Demand for bonds seen increasing in coming decades
NEW YORK -- There may not be enough bonds to satisfy demand in coming years as the private sector trims debt and workers retire.
Rick Rieder, chief investment officer for fixed income at BlackRock, said central banks will likely keep interest rates low in coming years as countries continue reducing their debt loads, or leverage.
“Central banks have to keep real rates low to deal with this burden of leverage,” Rieder said at an event in New York on Wednesday morning.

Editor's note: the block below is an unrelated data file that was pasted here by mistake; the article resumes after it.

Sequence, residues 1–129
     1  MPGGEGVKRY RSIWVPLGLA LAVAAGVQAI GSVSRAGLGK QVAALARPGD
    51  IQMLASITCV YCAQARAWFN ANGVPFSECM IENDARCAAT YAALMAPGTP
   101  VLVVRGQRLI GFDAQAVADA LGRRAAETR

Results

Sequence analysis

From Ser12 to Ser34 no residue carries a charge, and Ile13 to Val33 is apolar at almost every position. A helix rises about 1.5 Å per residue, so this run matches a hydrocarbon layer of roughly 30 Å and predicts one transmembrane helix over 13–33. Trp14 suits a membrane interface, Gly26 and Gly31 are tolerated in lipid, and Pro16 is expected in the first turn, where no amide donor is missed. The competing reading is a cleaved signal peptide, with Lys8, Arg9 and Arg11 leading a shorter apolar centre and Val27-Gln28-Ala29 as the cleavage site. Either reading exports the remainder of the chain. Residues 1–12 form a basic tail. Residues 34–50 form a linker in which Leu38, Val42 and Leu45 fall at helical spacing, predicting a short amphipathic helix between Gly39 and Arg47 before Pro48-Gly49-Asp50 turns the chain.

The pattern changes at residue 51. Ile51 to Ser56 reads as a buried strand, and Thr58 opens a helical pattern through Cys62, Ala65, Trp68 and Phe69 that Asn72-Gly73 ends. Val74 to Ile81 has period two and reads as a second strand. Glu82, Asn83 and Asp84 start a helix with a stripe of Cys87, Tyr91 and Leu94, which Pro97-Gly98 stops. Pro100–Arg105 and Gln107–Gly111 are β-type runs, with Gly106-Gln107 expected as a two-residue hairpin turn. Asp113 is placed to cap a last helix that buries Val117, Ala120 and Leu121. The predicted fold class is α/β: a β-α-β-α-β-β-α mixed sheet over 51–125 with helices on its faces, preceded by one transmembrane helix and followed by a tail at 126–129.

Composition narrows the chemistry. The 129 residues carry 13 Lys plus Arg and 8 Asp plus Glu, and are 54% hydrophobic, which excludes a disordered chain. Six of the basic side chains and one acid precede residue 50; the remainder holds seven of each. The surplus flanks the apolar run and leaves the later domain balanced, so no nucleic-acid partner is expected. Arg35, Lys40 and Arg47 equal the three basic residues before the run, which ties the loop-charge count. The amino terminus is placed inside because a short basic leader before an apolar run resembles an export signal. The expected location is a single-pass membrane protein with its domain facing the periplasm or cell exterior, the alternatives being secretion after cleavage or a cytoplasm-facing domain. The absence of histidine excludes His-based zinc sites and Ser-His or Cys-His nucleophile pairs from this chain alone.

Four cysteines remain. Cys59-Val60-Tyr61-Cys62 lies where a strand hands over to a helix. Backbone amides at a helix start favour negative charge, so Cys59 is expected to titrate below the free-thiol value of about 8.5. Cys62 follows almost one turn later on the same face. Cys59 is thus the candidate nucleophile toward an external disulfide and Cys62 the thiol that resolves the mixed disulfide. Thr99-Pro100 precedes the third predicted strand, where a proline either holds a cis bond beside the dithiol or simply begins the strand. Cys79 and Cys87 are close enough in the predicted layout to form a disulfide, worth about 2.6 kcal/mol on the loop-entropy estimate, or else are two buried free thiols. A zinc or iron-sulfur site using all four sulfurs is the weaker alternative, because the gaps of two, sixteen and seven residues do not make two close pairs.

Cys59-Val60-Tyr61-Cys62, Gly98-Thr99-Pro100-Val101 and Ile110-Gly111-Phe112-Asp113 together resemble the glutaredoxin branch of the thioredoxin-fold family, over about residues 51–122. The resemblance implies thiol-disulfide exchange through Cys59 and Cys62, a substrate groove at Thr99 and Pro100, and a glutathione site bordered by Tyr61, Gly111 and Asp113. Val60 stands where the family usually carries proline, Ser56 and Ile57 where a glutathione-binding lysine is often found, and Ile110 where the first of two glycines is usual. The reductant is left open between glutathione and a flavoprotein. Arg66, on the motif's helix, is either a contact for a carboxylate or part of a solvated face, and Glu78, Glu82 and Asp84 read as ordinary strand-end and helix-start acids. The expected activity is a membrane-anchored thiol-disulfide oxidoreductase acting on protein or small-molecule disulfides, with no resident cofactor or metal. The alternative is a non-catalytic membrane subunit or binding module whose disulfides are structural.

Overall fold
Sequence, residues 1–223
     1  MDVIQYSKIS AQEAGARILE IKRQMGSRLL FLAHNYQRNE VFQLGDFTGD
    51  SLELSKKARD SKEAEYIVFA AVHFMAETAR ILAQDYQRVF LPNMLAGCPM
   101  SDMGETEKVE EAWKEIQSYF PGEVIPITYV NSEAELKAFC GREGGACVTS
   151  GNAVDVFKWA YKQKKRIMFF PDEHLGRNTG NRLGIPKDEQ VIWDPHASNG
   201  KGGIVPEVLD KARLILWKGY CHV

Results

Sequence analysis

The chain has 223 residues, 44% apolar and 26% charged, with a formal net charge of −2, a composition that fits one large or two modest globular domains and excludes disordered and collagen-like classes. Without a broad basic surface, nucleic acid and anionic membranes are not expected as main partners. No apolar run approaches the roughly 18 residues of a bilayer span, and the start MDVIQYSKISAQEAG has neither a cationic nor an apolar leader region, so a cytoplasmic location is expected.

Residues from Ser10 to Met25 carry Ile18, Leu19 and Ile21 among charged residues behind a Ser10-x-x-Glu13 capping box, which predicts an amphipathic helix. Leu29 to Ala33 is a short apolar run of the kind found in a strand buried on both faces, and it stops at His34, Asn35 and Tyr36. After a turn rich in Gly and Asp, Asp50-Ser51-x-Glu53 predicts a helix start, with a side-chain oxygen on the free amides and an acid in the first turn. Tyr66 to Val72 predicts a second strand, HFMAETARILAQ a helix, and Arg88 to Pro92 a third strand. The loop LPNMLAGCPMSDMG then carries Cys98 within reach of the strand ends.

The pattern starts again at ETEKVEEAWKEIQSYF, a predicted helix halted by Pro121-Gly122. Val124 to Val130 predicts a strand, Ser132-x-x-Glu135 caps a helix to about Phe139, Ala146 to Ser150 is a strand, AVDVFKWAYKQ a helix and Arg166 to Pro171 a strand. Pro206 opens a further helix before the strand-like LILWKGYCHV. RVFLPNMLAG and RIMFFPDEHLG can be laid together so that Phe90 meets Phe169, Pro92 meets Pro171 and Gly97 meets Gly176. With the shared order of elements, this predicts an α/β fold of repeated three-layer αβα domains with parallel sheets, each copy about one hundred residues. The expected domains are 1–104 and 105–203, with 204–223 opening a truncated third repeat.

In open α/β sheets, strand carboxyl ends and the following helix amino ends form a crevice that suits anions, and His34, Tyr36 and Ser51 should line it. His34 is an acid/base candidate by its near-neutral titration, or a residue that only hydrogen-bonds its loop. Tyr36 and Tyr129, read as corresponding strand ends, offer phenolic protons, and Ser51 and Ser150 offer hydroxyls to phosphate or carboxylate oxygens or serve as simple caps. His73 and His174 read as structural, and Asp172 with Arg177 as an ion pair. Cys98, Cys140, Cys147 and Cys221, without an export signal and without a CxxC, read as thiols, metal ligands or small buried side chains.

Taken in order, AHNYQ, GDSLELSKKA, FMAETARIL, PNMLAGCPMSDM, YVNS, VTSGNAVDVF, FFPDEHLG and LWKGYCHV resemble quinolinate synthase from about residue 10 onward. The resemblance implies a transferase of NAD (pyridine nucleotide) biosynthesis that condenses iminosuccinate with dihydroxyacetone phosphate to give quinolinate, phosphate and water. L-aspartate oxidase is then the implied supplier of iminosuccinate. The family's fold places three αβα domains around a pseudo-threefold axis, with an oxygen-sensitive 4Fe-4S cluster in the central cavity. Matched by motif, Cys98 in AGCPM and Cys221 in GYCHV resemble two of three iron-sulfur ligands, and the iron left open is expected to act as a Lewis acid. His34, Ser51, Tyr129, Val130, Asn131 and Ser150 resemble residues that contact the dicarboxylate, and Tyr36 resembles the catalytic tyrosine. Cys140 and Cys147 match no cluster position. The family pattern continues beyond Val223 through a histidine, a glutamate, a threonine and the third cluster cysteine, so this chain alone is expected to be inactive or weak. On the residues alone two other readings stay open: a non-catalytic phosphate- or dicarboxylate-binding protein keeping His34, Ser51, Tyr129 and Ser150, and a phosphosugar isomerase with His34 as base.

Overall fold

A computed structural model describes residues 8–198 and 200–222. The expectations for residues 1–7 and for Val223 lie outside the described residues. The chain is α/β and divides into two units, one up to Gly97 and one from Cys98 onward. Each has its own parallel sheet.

Meanwhile, the percentage of the working-age population in the United States, Italy, Germany, Japan and China is projected to decrease in coming years, Rieder said.
Fewer people will be contributing to economic growth, he said, as the number of retirees relying on bonds to finance their retirement would increase.
“That means there’s a cap on growth and it means [there’s] demand for income that’s not going away,” Rieder said. “And so for people to perpetuate their lifestyle, they need to buy fixed-income.”
The view from Sacramento
Sign up for the California Politics newsletter to get exclusive analysis from our reporters.
You may occasionally receive promotional content from the Los Angeles Times.